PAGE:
I hear what you are saying, but the flip side is you appear to be comfortable with ethnic cleansing because it is that country's sovereign right to kill off those that they don't like. Your philosophy is why should we push America's philosophy of preserving life on them? Human rights are not a way of life that you infer. They are basic rights of not being tortured, killed, or other atrocities.

Anonymous

Nice Nazi propaganda, bro.

re: Denise

So when I refuse to go fight a war against another nation or people are you going to "politically cleanse" me? Seems to be the same ideology. I agree with you that people suffering unwarranted death and other injustice should be afforded help when they ask for it. However, if I don't want to help then I should have too; as long as I'm directly contributing to the injustice then leave me alone.

People forget:
Communism= give us everything or we will kill you
Fascism/Nazism= look like us or we will kill you
Capitalism= buy our products or we will kill you
Dictatorships= love me or they will kill you
Democracies= once the majority votes we will kill you

All political systems have so far ended with death of groups of people influenced for many reasons from political to religious. Ban all weapons and refuse to kill anyone anytime.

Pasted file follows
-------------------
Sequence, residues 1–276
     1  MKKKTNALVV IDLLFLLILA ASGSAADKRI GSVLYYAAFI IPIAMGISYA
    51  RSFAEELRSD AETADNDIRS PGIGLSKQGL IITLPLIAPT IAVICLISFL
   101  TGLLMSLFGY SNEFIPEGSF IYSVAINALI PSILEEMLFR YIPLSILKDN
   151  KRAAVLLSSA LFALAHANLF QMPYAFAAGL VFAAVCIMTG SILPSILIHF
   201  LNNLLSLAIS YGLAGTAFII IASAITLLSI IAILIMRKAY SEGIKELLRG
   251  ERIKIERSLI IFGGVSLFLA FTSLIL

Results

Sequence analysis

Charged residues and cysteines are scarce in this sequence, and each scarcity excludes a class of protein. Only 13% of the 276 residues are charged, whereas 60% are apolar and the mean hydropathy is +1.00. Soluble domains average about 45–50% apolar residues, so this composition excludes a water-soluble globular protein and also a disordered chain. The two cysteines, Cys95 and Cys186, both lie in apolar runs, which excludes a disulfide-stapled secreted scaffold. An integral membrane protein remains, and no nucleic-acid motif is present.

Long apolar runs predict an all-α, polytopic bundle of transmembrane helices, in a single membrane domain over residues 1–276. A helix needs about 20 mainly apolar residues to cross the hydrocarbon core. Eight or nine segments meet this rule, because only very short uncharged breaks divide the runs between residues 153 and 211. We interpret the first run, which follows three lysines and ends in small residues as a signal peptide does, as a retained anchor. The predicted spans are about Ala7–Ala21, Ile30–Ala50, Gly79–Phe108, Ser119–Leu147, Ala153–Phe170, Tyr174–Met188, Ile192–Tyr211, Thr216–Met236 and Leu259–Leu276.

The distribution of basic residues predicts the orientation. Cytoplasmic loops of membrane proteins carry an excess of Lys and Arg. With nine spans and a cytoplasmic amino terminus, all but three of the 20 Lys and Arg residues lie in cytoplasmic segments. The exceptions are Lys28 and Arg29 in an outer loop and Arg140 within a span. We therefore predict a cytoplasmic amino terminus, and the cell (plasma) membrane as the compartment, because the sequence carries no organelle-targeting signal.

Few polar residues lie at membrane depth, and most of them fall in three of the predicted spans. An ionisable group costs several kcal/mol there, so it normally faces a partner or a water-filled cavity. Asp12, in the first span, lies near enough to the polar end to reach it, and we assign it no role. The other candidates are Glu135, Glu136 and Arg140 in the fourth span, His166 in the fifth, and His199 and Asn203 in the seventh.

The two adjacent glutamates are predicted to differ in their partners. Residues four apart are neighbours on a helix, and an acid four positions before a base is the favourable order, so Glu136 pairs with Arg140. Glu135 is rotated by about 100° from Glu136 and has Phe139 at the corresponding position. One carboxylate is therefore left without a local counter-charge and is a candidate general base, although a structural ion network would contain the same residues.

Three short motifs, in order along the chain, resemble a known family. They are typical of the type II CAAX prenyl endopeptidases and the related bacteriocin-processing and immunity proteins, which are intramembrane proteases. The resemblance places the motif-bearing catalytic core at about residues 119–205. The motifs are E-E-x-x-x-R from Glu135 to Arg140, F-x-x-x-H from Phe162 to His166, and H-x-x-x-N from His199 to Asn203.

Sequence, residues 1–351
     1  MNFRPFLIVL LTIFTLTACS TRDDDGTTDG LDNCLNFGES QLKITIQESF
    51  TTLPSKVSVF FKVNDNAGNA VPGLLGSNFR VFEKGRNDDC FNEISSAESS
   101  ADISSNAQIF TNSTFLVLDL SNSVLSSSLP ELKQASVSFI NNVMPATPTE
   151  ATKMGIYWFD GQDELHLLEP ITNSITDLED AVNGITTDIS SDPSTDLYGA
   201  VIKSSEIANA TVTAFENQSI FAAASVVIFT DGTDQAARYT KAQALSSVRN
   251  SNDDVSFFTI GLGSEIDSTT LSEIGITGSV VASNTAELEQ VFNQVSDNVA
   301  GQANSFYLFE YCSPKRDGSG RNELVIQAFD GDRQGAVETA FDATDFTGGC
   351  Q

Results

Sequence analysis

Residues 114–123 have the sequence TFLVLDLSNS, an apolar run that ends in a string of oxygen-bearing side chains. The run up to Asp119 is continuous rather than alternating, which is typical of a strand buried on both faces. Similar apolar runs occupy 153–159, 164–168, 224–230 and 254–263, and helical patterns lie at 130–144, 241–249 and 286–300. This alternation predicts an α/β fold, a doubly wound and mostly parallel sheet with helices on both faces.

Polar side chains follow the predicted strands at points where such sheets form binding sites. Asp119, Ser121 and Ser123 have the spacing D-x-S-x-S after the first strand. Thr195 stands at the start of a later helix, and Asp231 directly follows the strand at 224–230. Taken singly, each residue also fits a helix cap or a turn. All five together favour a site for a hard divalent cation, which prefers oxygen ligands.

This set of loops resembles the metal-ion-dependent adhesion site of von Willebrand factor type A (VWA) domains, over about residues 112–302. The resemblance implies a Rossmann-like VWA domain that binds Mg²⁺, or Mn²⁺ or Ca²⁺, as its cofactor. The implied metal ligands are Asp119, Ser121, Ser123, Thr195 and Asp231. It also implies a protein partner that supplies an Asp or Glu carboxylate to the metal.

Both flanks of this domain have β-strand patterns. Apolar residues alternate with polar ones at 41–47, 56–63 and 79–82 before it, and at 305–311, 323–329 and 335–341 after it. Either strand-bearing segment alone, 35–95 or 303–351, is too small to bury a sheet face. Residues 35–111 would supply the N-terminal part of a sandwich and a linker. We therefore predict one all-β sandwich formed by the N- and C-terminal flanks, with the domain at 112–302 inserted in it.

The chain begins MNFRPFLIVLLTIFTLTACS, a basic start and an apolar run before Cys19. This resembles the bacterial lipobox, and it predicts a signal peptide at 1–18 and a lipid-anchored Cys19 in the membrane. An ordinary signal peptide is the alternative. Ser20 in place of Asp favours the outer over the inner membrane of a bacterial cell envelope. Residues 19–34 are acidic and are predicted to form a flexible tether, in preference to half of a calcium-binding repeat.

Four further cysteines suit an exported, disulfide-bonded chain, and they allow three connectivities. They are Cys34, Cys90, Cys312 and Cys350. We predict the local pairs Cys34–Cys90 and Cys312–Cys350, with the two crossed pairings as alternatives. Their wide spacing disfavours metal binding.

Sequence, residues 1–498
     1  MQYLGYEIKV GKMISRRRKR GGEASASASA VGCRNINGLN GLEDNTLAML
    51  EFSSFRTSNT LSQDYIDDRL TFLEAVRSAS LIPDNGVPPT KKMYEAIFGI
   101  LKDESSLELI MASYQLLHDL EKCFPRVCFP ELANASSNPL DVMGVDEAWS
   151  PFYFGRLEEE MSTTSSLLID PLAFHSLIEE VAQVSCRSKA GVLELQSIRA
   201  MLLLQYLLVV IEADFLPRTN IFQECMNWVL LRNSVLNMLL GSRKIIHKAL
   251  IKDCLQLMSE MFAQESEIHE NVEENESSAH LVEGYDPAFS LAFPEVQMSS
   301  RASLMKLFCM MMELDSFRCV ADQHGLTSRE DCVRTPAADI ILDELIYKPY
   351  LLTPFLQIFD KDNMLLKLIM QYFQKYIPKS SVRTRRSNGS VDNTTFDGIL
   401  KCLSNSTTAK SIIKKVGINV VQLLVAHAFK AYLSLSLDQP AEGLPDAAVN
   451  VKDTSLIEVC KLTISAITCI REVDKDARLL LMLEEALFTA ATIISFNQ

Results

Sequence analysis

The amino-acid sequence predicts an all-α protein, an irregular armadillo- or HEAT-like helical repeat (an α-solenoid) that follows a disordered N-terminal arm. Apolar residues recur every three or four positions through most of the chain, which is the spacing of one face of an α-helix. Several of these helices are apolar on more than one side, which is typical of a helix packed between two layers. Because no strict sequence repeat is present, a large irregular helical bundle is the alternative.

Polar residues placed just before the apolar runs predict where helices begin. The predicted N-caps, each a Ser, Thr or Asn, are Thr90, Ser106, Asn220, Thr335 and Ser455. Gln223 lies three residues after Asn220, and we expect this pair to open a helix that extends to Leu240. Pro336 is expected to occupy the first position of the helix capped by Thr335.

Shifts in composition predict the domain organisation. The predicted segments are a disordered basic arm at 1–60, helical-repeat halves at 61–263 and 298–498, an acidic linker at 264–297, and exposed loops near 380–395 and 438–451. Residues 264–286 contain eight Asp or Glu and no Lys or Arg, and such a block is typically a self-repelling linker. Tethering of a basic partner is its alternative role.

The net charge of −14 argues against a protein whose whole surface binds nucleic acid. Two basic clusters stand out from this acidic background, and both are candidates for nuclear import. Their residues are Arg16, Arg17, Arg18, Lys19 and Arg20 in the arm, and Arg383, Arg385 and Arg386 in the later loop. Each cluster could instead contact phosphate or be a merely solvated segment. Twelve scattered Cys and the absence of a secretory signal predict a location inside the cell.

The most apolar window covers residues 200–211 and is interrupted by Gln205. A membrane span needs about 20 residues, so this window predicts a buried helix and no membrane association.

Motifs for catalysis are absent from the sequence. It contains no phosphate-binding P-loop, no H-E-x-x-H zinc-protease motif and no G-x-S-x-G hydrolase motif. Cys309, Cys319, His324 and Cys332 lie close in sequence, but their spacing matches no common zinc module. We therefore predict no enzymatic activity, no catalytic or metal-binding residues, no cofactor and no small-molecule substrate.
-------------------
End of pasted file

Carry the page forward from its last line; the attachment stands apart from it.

Correction

Correction to above.

However, if I don't want to help then I should NOT have too; as long as I'm NOT directly contributing to the injustice then leave me alone.

Anonymous

Typically confusing socialism with communism. The communists are equally authoritarian. Socialism tries to get people to be less selfish and look beyond their selfish needs to those who are more needy. It doesn't force anything but hopes that not everyone is as selfish as you are.

Re: Correction

Everyone is contributing to injustice whether they realise it or not. Unless you are a Native American, as an American citizen, you are contributing to injustice against the indigenous population. The west buys clothing from Asian sweat shops. Tech gadgets from factories where employees are treated like slaves. Pollute's the planet causing issues for peoples elsewhere. White people have institutionalised racism. You are involved even if you don't know it yet. Hiding away from the issues makes you as complicit as those who are explicitly causing them. There is no freedom per se since everyone's actions affects everyone else.

Anonymous

You need to brush up on your understanding of communism. You are way off base.

Anonymous

To the previous anonymous commenter - I'm curious why you posted what you did. The US fought against communism in southeast Asia, in Korea and Vietnam specifically to prevent the spread of communism. And you're saying fighting those wars was itself communist? I'm trying to understand.

This article says nothing about being drafted. It talks about how no nation's sovereignty is greater than its citizens human rights. And that Trump seemed to be saying in the UN speech that it was greater.

Bill Stewart

Trump's threats to use the US Military to invade Venezuela, on the grounds that the country's kleptocracy is bad for its citizens, is directly contradictory to any assertions he might be making about his respect for national sovereignty. Similarly, his threats against Iran and North Korea are also threats against their sovereignty. Does he actually believe what he's saying? Or does he really just mean he doesn't want the UN interfering in the US's behavior?

Pages

Stay Informed